Calm after storm for Weller's Terps Maryland: The women's basketball team is off to a relaxed start, with last spring's charges against the program's 22-year coach put to rest.

November 04, 1997|By Don Markus | Don Markus,SUN STAFF

COLLEGE PARK -- The sounds emanating from the University of Maryland women's basketball practice one recent afternoon at Cole Field House seem different from past seasons. The expressions on the faces of the players, as well as the one worn by their coach, seem to have changed, too.

Sitting within a long three-point shot of the court, you can hear the thud of balls being bounced, the squeak of sneakers being broken in and the general enthusiasm that the anticipation of any new season brings. You can barely make out what Chris Weller is saying, except that it often brings smiles and even a few chuckles from her players.

It is only the third week of practice for the 1997-98 season and the Terrapins have yet to botch a play or lose a game they should have won, but the atmosphere surrounding Weller and her team seems to be remarkably relaxed. The intensity is still there, but the decibel level is noticeably lower.

"I think there was as much intensity as before, but it came from the players," Weller would say after the nearly three-hour practice. "That's encouraging to a coach. On some of the successful teams we've had in the past, there was much less intensity generated by me."

It was last spring that Weller's coaching techniques were called into question. Her 22-year career at Maryland appeared in jeopardy, the result of charges leveled by six players and some of their parents after a tumultuous final month of what, on the surface, had appeared to be a relatively successful 18-10 season.

Weller says the problems stemmed from an incident involving Kelley Gibson, a talented but often-injured player whose father criticized Weller's decision to put his daughter back into a game that had already been decided. Gibson, who had undergone surgery on her right knee three years ago, wound up badly injuring her healthy knee.

The controversy, which some believe predated Gibson's injury, continued to mushroom. It grew to the point where Weller was accused of degrading players in front of teammates and, on a few occasions, withholding their NCAA-approved per diem during summer and winter breaks. The depth of the charges, many reported to the media by Gibson's father, took Weller by surprise.

"I knew a couple of players were frustrated and that something was going on," said Weller, who denied the charges, most strenuously the one involving withholding per diems. "I had no idea that was going on. I don't think a lot of players meant what happened to happen. The important thing is that people respect the players on our team as good people and respect me for being a good person."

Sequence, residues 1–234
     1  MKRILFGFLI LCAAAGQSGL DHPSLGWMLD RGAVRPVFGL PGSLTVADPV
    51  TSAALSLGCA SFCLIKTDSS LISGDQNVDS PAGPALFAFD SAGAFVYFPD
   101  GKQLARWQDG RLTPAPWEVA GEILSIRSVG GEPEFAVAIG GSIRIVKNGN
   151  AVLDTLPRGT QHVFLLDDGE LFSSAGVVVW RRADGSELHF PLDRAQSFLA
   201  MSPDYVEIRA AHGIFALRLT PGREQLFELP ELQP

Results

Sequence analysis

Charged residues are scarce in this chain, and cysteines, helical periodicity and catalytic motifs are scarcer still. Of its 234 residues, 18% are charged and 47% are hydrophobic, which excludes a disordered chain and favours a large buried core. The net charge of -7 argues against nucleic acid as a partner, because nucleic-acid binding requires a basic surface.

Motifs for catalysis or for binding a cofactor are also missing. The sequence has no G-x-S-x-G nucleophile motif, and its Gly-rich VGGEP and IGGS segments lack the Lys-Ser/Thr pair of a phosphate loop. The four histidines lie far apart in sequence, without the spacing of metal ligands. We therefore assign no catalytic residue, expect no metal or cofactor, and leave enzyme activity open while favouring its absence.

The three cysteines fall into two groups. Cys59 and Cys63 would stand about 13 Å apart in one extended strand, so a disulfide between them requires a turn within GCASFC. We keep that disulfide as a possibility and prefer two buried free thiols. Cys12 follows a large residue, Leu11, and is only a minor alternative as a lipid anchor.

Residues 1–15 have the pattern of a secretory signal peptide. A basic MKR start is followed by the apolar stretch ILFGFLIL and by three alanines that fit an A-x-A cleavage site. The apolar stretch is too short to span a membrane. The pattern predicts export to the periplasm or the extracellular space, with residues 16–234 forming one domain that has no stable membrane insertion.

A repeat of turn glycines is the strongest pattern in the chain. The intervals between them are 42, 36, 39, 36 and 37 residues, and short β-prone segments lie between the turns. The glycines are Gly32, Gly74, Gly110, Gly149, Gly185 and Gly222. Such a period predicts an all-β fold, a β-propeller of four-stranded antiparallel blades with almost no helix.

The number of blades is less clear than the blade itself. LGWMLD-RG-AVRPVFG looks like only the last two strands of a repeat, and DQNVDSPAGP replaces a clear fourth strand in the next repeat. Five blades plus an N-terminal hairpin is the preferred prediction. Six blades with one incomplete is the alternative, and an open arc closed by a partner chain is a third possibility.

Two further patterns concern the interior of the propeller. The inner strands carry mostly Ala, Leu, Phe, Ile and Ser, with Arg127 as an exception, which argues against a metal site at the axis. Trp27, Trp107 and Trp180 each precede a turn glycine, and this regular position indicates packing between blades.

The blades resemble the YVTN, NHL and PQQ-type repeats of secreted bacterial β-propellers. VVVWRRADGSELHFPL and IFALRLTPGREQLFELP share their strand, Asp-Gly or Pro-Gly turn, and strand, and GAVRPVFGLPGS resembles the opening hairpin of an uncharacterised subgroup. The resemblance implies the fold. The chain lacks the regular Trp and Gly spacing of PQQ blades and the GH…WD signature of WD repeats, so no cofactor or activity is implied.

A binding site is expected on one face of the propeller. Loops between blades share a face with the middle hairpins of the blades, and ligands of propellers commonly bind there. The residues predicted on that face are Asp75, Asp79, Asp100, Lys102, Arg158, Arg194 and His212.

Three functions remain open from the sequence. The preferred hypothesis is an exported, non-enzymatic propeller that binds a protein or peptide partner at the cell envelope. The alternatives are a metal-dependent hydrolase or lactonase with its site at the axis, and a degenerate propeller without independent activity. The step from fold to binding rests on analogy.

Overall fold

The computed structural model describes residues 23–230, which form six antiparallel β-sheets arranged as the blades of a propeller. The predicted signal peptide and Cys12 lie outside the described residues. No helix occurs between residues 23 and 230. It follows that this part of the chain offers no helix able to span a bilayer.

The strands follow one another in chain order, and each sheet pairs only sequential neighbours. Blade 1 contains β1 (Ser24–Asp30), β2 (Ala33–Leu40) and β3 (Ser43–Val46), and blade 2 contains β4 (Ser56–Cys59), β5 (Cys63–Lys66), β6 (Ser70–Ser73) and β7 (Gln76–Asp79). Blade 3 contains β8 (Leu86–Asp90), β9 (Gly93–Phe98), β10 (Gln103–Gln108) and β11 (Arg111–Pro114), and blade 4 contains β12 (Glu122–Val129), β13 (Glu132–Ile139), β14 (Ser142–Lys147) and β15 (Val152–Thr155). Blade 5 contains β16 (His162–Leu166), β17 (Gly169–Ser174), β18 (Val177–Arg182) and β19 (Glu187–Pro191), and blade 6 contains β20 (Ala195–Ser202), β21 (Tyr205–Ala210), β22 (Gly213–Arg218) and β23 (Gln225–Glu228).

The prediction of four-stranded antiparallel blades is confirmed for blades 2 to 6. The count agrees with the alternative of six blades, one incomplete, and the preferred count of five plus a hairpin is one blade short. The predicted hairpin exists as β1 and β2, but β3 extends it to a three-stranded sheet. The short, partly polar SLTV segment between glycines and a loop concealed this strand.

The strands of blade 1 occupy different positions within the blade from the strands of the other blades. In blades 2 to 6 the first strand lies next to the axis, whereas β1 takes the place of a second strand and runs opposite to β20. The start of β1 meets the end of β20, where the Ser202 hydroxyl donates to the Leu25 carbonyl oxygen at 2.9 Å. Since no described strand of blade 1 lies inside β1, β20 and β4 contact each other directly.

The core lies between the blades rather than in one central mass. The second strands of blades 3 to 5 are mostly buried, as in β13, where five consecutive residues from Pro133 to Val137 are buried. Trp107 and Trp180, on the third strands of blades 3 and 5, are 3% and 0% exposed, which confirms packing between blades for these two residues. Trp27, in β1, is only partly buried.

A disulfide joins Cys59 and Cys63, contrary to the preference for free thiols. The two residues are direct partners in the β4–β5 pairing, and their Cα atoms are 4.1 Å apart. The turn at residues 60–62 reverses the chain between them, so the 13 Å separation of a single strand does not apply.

Investigation, then changes

The turmoil led athletic director Debbie Yow to meet with Weller and the team. Senior associate athletic director Danita DeHaney and assistant athletic director Pat Nicol conducted an investigation to separate truth from fiction. Weller was allowed to keep her job, but two players and all three of Weller's assistant coaches wound up leaving.

Yow put a letter of reprimand into Weller's personnel file and brought in a sports psychologist to work with the coach and the returning players, including Gibson, this season. There is speculation that, depending on how the team responds, Weller's contract might not be renewed when it reportedly runs out after the season.

Yow has promised Weller she wouldn't discuss the situation or the coach's future with the media.

"I want to give them a chance to let the year go by as normal as

possible," Yow, a former women's college basketball coach, said last week.

Those close to Weller say that last season's problems on the court paled in comparison to the upheaval in her personal life. The season before, her father, Warren, died suddenly of a heart attack. By the time last season began, Weller's mother, Marie, already suffering from a degenerative brain condition, moved in with her.

Though Weller hired a professional caregiver to provide help, she spent hours at home with her mother when she normally would have been at school with her players. She often would fax material to her assistants to prepare for practice, then show up minutes before practice started. The stress at home took its toll on Weller's tolerance level with her players.

Too close to home

Weller seems uncomfortable talking about her family, not wanting to sound like she is making excuses. She said that she recently moved her mother, who had a stroke in 1984 and has had two subsequent brain operations, into a nursing home. But she acknowledges that, in dealing with her players last season, she went against one long-standing belief.

Baltimore Sun Articles
Please note the green-lined linked article text has been applied commercially without any involvement from our newsroom editors, reporters or any other editorial staff.